In the Media

A mentoring scheme aims to attract more people from ethnic minorities to the magistrates bench

PUBLISHED June 8, 2006

A mentoring scheme aims to attract more people from ethnic minorities to the magistrates bench.

"When some defendants enter the court and see me, a black magistrate, sitting on the bench, their jaws hit the floor," says Maureen Mosley. "But my presence does reassure black and ethnic minority defendants that they will be treated fairly. They certainly have more confidence in the system when they see diversity on the bench."

Mosley, a justice of the peace, is a graduate of a magistrate-shadowing scheme designed to attract more people from black and ethnic minority communities to the South Derbyshire magistrates bench. Training involved attending six court hearings over six months. At the end of each session, she would discuss the case - traffic offences and petty crime - with her mentor. "Anything that I didn't understand was carefully explained to me," Mosley says. "The training was a real eye-opener."

The scheme was launched in Derby two years ago by Operation Black Vote (OBV) - a group dedicated to inspiring ethnic minorities to participate in civic society - in partnership with the Department of Constitutional Affairs. Mosley, 40, who works as a security adviser for the Department for Work and Pensions, is one of two women graduates. She joined the bench in January. Three male candidates also qualified but have yet to start working.

"I wanted to find out more about how minorities are treated in court ... and how the system worked," Mosley says. "I always thought you needed to know the right people and have legal qualifications to become a JP. But you don't need either. If you use basic common sense, are willing to listen and work as a team with your two fellow JPs and the legal clerk, you can do the job."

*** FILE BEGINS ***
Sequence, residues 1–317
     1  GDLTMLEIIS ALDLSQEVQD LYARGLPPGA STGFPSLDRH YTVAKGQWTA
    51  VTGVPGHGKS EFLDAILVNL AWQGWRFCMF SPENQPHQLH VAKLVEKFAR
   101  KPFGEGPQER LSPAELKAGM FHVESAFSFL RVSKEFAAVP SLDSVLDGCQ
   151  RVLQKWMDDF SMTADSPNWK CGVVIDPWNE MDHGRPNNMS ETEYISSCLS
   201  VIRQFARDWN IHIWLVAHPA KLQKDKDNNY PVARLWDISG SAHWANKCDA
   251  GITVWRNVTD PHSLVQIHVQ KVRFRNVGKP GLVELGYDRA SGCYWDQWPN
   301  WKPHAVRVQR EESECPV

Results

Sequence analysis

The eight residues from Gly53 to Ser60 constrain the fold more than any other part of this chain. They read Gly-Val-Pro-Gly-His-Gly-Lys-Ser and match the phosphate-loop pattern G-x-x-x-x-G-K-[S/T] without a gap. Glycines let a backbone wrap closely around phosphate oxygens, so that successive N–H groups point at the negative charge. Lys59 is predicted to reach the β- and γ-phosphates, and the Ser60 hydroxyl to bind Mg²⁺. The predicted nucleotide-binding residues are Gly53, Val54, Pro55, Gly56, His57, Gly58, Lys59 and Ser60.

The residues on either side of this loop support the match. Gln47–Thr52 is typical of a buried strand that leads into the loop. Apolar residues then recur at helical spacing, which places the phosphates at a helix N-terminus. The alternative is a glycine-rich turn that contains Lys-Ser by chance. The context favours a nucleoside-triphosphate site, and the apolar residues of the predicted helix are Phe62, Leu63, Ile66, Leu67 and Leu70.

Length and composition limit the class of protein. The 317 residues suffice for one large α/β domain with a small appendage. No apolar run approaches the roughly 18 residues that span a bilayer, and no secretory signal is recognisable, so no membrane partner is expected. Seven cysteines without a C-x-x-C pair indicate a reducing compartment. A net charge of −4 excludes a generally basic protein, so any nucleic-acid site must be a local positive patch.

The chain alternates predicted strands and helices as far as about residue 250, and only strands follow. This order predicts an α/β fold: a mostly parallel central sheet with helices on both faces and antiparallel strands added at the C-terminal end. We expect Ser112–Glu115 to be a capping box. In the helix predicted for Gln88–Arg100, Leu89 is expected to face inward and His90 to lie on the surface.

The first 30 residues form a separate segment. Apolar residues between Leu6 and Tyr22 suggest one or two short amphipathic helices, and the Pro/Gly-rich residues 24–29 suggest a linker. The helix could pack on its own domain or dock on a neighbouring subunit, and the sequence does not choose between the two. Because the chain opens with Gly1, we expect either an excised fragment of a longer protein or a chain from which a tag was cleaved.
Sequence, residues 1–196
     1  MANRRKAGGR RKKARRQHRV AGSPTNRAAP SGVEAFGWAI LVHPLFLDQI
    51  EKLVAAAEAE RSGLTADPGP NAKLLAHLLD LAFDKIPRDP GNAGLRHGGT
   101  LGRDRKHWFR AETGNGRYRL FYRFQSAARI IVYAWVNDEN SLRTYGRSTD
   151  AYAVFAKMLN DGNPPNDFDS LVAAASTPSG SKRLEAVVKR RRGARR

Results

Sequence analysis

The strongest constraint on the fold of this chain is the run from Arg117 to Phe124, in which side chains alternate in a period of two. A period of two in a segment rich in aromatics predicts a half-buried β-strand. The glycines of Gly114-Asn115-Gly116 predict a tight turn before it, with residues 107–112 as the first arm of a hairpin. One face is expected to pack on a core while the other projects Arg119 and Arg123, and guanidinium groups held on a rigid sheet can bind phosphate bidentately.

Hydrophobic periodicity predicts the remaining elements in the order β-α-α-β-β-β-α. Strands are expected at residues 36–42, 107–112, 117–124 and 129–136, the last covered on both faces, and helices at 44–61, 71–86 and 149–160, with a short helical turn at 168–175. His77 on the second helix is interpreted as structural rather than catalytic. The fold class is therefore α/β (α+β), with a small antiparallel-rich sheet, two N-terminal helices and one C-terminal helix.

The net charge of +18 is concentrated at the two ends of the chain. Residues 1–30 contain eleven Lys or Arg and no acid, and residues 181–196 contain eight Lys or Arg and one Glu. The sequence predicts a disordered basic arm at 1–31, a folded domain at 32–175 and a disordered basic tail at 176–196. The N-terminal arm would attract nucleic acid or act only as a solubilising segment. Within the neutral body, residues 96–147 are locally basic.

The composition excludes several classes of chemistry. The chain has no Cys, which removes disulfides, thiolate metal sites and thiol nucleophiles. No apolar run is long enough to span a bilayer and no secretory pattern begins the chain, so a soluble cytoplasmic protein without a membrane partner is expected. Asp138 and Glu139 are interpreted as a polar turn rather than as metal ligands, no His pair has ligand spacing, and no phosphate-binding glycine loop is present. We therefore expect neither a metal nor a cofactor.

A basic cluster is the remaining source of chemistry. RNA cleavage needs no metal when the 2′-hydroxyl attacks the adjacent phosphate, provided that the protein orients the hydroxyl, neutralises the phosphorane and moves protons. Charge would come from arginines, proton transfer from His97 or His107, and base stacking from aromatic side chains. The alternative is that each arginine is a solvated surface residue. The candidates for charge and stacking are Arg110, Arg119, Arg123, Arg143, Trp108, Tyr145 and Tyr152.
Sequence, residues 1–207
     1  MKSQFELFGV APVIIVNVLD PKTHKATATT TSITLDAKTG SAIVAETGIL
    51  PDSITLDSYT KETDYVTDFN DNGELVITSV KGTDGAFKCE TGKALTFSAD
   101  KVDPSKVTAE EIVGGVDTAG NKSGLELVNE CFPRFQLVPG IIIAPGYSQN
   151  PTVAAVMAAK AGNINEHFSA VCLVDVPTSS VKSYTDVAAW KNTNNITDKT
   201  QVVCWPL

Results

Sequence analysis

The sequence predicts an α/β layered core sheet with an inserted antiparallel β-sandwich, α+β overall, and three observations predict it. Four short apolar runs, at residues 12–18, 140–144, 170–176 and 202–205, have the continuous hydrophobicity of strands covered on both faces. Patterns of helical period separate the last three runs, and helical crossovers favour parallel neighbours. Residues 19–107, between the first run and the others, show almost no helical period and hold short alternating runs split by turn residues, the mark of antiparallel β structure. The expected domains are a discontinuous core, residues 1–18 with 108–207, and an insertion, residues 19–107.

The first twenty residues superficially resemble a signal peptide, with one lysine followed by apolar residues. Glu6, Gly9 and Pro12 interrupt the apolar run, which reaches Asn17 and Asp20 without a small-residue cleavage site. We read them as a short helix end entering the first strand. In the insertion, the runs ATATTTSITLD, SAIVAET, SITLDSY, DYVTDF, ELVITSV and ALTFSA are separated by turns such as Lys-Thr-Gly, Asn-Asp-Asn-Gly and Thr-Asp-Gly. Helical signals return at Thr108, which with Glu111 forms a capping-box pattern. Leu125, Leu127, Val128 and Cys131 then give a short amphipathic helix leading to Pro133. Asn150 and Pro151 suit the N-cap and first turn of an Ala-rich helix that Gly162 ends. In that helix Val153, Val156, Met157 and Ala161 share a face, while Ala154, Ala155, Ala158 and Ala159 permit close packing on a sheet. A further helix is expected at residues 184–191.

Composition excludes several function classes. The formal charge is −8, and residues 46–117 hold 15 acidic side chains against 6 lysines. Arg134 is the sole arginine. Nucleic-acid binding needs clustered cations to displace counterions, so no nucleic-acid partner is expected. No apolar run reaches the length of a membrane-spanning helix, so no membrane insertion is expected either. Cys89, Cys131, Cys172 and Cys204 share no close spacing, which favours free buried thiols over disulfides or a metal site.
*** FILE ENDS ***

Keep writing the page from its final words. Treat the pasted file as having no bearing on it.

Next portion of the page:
Her unpaid magistrate's commitments take up one day every fortnight. As a civil servant she is entitled to 18 days off a year to sit in court. Accompanied by other magistrates, Mosley also visits local community centres and schools to give presentations. "I tell them that if I can become a JP then so can they, if they are interested," she says. "Their race is irrelevant."

Five more people - one African Caribbean and fours Asians - have applied to the shadowing scheme this year. While the numbers recruited from the scheme might seem small - bringing the total assigned black and ethnic minority magistrates in Derby and South Derbyshire to 20 (7.4%) since 1989 - it is seen as a leap forward.

"The real success of the project is not how many magistrates are selected today, but how many will come through in the months and years ahead," says Simon Woolley, OBV's director of operations. "Neither must we underestimate the value of the confidence-building this project engenders between the courts and local black communities."

The scheme is operating in eight other areas - Bedfordshire, Buckinghamshire, Bury, Hertfordshire, Leicester, London, Merseyside and Mid Glamorgan - and involves 125 applicants shadowing magistrates in 28 courts.

Woolley views Derby's shadowing scheme as the blueprint. "The court hierarchy there is so proactive and positive," he explains. "It has given the shadows excellent experience in all aspects of court procedures and they have learned a great deal. The reaction in the local communities has also been very encouraging."

"One of the great benefits of the scheme is the ambassadorial role for those taking part, as it provides opportunities for them . . . to talk to their communities about magistrates and their work in court," says Cindy Barnett, chairman of the Magistrates Association. "We know the project plays a vital role in raising awareness and improving confidence in the criminal justice system."

Mosley says: "I find it fascinating and enjoy the responsibility. It's a very important job, and I am proud to be doing it."